A venture capitalist who is also a minority owner of the Golden State Warriors was banned by the team from attending any of the remaining NBA Finals games and fined $500,000 after he shoved a Toronto Raptors player who fell into the crowd.
During Wednesday night's Game 3 with the Raptors and Warriors, S-Curbed Capital managing partner Mark Stevens was caught on camera pushing Kyle Lowry's shoulder after the Raptors point guard fell into people sitting courtside while trying to save the ball.
Lowry was seen in video posted on social media pointing at Stevens and shaking his head as he walked back onto the court. Stevens was then escorted from his seat.
The Warriors said in a statement Thursday that Stevens' behavior does "not reflect the high standards that we hope to exemplify as an organization." The NBA also announced in a joint statement with the Warriors that Stevens would be fined $500,000.
Stevens issued an apology on Thursday night saying he took "full responsibility" for his actions and was "embarrassed." "What I did was wrong and there is no excuse for it," Stevens said in the statement released by the Warriors and given to NBC Sports. "Mr. Lowry deserves better, and I have reached out today in an attempt to directly apologize to him and other members of the Raptors and Warriors organizations."
"I made a mistake and I'm truly sorry. I need to be better and look forward to making it right," Stevens said.
"We're extremely disappointed in his actions and, along with Mr. Stevens, offer our sincere apology to Kyle Lowry and the Toronto Raptors organization for this unfortunate misconduct," the Warriors said. "There is no place for such interaction between fans — or anyone — and players at an NBA game."
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The Warriors ended their statement by saying that Stevens "will not be in attendance at any of the remaining games of the 2019 NBA Finals." They are reviewing the incident, their statement said.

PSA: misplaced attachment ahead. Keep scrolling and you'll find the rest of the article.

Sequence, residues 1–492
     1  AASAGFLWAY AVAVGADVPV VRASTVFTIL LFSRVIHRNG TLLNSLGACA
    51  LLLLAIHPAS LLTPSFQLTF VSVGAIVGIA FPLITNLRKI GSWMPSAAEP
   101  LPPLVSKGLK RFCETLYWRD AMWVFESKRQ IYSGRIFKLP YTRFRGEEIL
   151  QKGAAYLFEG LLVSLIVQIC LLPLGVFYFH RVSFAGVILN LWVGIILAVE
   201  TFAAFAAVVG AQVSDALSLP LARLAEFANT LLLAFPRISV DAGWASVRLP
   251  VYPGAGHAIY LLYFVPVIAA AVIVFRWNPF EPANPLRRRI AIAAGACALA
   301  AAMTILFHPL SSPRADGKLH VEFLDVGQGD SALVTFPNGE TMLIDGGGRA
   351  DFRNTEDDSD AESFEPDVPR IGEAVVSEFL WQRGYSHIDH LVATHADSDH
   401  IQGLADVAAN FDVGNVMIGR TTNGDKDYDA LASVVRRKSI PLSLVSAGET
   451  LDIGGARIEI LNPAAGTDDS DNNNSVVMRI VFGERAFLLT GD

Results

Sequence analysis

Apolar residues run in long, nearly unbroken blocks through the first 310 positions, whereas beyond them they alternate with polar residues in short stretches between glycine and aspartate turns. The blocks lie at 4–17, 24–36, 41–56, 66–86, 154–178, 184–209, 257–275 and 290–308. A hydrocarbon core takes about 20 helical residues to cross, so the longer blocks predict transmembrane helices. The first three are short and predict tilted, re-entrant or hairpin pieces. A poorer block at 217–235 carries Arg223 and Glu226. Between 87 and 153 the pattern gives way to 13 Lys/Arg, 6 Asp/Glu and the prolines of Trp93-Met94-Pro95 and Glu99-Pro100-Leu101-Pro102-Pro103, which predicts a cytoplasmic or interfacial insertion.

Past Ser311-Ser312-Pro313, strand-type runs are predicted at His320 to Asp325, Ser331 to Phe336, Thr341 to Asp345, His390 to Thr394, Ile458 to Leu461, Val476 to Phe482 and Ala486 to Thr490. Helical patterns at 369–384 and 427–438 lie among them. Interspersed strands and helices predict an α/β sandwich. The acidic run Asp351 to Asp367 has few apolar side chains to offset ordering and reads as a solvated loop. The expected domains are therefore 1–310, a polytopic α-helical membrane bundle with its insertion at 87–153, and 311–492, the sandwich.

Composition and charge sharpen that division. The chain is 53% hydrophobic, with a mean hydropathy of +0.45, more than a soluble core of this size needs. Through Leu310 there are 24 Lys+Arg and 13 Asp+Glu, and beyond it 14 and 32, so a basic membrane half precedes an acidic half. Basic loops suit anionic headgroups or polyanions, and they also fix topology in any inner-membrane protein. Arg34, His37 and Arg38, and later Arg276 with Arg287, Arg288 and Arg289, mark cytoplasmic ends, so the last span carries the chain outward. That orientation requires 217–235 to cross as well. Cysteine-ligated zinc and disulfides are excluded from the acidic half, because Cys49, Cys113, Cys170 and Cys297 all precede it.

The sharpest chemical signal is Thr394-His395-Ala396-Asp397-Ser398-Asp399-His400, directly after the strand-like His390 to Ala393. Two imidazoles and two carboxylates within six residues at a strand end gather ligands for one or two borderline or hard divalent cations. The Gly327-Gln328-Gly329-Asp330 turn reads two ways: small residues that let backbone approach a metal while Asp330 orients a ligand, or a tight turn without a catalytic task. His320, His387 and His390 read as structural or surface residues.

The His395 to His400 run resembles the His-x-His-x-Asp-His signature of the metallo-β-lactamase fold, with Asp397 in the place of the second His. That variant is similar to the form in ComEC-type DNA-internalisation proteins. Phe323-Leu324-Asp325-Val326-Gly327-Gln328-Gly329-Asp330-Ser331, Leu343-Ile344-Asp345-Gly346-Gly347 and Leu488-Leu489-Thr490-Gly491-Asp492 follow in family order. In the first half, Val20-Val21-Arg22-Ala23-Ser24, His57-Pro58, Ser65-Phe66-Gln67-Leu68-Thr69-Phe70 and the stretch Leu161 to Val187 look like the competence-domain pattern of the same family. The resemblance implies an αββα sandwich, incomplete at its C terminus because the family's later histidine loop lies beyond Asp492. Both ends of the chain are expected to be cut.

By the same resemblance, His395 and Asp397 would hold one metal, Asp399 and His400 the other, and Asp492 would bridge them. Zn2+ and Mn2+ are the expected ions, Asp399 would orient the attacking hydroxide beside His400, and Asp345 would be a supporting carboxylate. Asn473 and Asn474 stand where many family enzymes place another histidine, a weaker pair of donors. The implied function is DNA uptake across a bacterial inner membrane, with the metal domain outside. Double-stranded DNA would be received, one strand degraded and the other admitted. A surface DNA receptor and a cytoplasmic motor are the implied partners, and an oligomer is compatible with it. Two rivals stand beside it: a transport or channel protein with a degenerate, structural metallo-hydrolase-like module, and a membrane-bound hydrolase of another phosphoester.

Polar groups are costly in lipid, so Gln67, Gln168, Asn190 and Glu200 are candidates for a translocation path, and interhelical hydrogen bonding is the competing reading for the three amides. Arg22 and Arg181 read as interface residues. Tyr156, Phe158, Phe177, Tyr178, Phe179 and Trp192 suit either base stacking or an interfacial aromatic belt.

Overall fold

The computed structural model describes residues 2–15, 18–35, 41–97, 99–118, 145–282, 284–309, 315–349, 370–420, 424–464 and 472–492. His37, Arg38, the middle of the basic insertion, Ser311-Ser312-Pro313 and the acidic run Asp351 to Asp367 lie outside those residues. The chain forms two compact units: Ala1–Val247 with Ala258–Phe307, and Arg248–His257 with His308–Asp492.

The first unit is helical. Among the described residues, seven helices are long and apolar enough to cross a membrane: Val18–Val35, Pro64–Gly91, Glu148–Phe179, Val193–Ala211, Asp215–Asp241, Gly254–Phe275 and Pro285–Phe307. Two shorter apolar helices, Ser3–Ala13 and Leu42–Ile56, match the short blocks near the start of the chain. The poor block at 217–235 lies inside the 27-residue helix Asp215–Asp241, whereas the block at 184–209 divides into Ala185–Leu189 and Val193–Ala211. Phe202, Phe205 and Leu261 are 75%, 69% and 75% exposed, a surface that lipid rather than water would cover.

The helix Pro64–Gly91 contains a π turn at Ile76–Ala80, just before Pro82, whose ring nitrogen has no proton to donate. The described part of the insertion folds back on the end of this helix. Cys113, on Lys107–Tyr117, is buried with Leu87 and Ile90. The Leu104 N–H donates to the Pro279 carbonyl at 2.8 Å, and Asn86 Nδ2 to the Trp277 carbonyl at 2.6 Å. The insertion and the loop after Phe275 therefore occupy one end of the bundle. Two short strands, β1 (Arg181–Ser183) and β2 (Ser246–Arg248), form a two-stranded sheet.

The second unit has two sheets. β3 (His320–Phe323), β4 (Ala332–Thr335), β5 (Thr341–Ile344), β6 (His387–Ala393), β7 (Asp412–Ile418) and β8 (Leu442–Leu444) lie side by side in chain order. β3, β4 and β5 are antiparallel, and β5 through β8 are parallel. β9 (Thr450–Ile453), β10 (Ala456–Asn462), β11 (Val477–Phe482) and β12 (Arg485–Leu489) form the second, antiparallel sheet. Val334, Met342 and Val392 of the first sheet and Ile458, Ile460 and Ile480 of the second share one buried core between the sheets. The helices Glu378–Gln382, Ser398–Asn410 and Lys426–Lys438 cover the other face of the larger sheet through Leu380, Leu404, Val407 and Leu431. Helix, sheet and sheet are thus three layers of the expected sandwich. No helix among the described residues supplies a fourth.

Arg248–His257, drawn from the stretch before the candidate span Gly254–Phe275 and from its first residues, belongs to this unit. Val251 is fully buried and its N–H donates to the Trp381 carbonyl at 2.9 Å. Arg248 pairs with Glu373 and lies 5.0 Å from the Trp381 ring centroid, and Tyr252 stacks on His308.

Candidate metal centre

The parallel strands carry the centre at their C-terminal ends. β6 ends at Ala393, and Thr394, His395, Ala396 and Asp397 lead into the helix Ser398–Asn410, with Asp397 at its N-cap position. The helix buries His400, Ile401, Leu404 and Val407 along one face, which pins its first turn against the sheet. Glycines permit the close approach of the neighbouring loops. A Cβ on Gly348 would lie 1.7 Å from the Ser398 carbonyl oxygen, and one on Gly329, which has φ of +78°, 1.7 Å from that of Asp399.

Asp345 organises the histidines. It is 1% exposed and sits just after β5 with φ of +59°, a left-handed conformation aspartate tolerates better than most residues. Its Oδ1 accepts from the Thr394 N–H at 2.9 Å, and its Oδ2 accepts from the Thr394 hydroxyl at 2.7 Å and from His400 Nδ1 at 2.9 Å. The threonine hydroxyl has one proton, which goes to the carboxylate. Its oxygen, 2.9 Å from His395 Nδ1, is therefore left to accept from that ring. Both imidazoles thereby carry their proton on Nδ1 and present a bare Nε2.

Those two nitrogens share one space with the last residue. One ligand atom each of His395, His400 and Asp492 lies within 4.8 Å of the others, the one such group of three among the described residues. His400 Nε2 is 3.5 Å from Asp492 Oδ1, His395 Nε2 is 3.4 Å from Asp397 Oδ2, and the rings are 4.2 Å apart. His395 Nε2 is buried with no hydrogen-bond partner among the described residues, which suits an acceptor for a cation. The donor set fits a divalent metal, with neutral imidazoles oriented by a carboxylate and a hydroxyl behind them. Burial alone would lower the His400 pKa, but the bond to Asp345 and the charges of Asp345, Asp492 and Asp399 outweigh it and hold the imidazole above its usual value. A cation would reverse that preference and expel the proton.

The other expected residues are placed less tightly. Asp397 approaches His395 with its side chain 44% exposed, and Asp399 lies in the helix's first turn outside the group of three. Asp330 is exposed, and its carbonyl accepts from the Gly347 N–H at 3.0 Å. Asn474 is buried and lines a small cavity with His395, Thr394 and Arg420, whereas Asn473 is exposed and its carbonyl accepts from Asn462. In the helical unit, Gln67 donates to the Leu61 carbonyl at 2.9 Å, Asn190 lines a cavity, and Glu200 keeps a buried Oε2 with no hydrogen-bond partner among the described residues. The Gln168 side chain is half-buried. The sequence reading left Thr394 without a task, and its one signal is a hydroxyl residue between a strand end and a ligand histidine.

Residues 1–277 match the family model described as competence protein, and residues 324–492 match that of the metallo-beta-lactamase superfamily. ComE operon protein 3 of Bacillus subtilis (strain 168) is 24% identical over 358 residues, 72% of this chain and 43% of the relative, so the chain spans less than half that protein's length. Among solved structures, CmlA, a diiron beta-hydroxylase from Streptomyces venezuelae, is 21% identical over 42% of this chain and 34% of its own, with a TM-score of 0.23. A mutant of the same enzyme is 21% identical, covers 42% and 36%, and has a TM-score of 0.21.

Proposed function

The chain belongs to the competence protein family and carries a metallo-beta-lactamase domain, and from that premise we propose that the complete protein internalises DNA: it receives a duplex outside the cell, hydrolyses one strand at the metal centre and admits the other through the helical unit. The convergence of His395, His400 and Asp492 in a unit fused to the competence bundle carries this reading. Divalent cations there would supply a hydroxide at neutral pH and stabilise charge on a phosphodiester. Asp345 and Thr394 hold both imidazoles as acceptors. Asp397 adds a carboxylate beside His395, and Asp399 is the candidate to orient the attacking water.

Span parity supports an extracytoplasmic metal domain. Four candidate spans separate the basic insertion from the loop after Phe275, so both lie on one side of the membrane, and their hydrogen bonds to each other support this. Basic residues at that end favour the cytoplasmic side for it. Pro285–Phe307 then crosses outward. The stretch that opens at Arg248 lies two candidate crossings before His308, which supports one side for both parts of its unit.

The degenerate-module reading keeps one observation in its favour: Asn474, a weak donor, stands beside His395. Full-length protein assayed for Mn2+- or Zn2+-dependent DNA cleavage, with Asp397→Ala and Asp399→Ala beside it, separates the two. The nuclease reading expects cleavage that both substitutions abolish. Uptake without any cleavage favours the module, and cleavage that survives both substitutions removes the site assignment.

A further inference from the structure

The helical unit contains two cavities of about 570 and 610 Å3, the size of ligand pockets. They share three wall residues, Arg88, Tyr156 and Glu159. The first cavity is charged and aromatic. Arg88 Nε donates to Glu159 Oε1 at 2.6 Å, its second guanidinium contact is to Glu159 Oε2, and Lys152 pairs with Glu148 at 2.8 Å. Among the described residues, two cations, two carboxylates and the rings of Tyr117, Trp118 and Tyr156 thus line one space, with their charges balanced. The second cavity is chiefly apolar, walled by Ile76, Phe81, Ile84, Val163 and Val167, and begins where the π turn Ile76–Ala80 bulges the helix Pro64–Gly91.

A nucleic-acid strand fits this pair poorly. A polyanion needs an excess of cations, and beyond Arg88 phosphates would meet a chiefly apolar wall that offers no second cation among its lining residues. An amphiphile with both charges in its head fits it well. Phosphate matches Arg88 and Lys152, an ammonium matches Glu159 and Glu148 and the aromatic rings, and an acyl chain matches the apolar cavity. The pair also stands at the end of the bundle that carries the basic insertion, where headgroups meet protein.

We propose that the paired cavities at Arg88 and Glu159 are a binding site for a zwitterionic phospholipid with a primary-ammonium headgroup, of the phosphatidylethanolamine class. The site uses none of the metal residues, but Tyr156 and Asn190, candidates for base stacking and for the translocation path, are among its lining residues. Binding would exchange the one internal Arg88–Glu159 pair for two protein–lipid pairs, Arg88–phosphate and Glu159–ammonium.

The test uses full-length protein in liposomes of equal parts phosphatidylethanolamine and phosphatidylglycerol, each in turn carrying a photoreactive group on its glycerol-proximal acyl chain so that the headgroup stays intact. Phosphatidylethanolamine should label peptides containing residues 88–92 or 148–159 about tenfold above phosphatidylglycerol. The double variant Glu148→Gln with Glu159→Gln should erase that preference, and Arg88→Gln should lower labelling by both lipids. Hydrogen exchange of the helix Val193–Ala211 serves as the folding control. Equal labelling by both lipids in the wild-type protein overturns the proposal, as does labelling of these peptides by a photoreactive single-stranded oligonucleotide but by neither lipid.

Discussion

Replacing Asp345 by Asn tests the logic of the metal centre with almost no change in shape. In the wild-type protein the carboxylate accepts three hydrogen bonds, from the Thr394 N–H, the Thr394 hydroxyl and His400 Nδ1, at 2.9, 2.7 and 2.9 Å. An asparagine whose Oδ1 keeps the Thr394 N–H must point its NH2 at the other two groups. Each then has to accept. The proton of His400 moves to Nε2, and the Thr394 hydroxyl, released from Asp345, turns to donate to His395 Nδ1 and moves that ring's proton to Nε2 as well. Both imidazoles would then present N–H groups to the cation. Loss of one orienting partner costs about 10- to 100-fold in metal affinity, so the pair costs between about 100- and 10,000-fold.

The NBA, which called Stevens' conduct "beyond unacceptable," also said he will not be permitted to attend games as they review the incident.
According to S-Curbed Capital's website, Stevens is a minority owner and executive board member of the Warriors, as well as a U.S. Olympic Committee Foundation trustee. Forbes estimated his net worth at $2.3 billion.
Sources close to the Warriors told NBC News that Stevens will likely be forced to sell his stake in the team before the start of next season.
The shove caught the attention of social media users and Los Angeles Lakers star LeBron James, who expressed his outrage in a lengthy Instagram post.
"There’s absolutely no place in our BEAUTIFUL game for that AT ALL," he wrote.
James went on to say that people who have floor seats should be well aware of what comes with sitting that close to the game, meaning balls and people can come flying into the seats.
"But he himself being a fan but more importantly PART-OWNER of the Warriors knew exactly what he was doing which was so uncalled for," he wrote. "Just think to yourself, what if @kyle_lowry7 would have reacted and put his hands back on him. You guys would be going CRAZY!!"
Prior to Stevens being identified, Lowry told The Associated Press that the man who pushed him repeatedly made vulgar comments to him after the athlete crashed into the sideline seats.
“There’s no place for that,” Lowry said. “He had no reason to touch me. He had no reason to reach over two seats and then say some vulgar language to me. There’s no place for people like that in our league.”
After the Warriors announced that Stevens had been banned from attending games for the remainder of the Finals, James suggested that more needs to be done.
"Ok cool but still ain’t enough! They did exactly what they had to do. Get in front of it before anyone else and plus there’s only 4 games left(2 max in GS)," he tweeted.
Lowry finished Wednesday's game with 23 points to help the Raptors beat the Warriors 123-109. The Raptors lead the best of seven series 2-1. Game 4 is Friday.